Colombian journalist Vicky Davila interviews then presidential candidate Ivan Duque (c) and his wife Maria Juliana Ruiz at a local radio station in Bogota on June 15, 2018. On October 15, 2020, Davila and media outlet RCN were found guilty and ordered to pay more than $43,000 in damages in a civil defamation case. (AFP/Luis Robayo)

Colombia court’s ruling in Vicky Dávila, RCN defamation case sets dangerous precedent for investigative reporting

Bogotá, October 29, 2020 – The Committee to Protect Journalists today condemned a Colombian appellate court’s decision ordering journalist Vicky Dávila Hoyos and media outlet RCN to pay damages for reports broadcast in 2014 on alleged police corruption.

On October 15, a Bogotá appellate court ordered Dávila, one of Colombia’s best-known journalists, and the private RCN media company to pay more than $43,000 in damages to the family of a police colonel who was removed from his post after Dávila reported on allegations that he was corrupt, according to news reports.

The case stems from Dávila’s May 6 and 14, 2014, reports for the Bogotá radio station La FM, owned by RCN, about Jorge Hilario Estupiñan, who was then the police commander of Casanare department in eastern Colombia.

Dávila, who at the time was a show host and the top news editor at La FM, played an audio recording in which Estupiñan appeared to use his influence to seek a government contract for one of his friends to provide cots and pillows for police barracks. Dávila also interviewed the inspector general of the Colombian police and asked him why no disciplinary action, such as suspending Estupiñan, had been taken even though police investigators had possessed the audio for a month, according to news reports. Estupiñan denied the allegations in an interview with Dávila, the reports said.

After Dávila’s reports, Estupiñan was temporarily suspended and later fired for “inefficiency,” but a subsequent police investigation cleared him of corruption, according to news reports. Estupiñan then filed a civil defamation lawsuit against RCN and Dávila, who now directs the online TV station of the Bogotá newsweekly Semana.

In a telephone interview, Dávila told CPJ that a lower court in August found her and RCN not guilty. But on October 15, an appellate court judge declared them guilty of damaging “the good name” of Estupiñan and his family, and ordered Dávila and RCN to correct their reporting and pay 165 million pesos, or $43,421.

In a 35-page ruling, the court blamed Dávila for the firing of Estupiñan and described her as showing “a lack of professional diligence” by using sarcasm and irony in her reporting, according to news reports. The court accused Dávila of pressuring the police to discipline Estupiñan, conduct which the court said had “blurred the goals and purposes of journalism,” and that, without having the authority to do so, she had acted like a judge, by insinuating he was guilty before a competent body made a decision in his case, the reports said.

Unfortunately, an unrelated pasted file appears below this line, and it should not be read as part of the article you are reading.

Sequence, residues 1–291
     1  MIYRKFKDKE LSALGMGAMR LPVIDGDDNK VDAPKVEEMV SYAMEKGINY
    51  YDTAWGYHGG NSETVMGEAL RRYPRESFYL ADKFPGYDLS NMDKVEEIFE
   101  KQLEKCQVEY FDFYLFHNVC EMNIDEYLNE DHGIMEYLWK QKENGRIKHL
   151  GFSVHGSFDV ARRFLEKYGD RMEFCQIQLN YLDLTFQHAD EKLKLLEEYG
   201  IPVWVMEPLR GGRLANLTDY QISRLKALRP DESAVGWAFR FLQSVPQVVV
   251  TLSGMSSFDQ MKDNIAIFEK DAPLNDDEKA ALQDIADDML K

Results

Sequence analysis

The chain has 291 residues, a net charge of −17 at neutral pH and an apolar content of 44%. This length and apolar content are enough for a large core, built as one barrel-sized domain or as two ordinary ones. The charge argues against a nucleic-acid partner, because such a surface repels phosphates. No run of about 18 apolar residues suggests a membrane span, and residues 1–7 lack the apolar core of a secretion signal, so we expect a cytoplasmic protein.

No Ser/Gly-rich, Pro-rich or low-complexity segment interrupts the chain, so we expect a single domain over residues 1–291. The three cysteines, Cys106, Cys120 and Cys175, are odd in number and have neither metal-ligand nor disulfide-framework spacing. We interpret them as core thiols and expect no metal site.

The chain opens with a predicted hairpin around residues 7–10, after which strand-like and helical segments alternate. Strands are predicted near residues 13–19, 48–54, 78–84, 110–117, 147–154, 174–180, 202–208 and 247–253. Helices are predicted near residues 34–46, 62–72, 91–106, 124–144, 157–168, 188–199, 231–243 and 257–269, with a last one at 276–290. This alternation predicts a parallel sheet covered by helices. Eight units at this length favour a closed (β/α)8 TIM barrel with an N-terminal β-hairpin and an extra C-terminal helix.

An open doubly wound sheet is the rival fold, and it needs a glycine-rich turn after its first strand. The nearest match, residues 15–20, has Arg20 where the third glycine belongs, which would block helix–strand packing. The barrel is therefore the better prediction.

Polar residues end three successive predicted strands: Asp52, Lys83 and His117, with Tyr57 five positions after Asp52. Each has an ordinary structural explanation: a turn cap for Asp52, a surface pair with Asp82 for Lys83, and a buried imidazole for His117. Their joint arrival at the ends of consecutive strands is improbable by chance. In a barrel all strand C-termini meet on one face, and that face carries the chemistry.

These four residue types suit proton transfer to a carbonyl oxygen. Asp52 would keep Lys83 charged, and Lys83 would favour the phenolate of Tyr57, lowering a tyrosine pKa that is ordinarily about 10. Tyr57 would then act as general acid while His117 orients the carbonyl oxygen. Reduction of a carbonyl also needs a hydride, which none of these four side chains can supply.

“The damages imposed on Vicky Dávila and RCN by this troubling ruling could have a chilling effect on reporting on sensitive issues, which is paramount to any informed society,” said CPJ South and Central America Program Coordinator Natalie Southwick in New York. “By suggesting that journalists cannot report on allegations of wrongdoing before an authority has made a decision, this ruling misinterprets the pivotal role that the press plays in keeping societies informed and stimulating public debate, and establishes an unacceptable limit on media freedom.”

CPJ called the Colombian Justice Ministry but there was no answer.

Dávila told CPJ that it was the police, not herself, who decided to fire Estupiñan and said the court ruling would severely restrict the work of investigative journalists by forcing them to wait for a legal decision before reporting on corruption allegations.

The ruling “would eliminate one of the principles of investigative journalism in which you sound the alarm and publish when you receive an accusation,” Dávila told CPJ.

As a final legal recourse, Dávila said she is filing a constitutional writ of appeal (tutela).

In a statement, the Bogotá-based Foundation for Press Freedom called the ruling “a setback for freedom of expression and a dangerous precedent.”

In an email, Javier de Jesús Márquez, legal counsel for RCN, told CPJ that RCN would use all legal methods available to overturn the ruling, including a tutela. He also said the decision violates fundamental constitutional rights and that it would cause Colombian journalism to lose its independence and legal protections.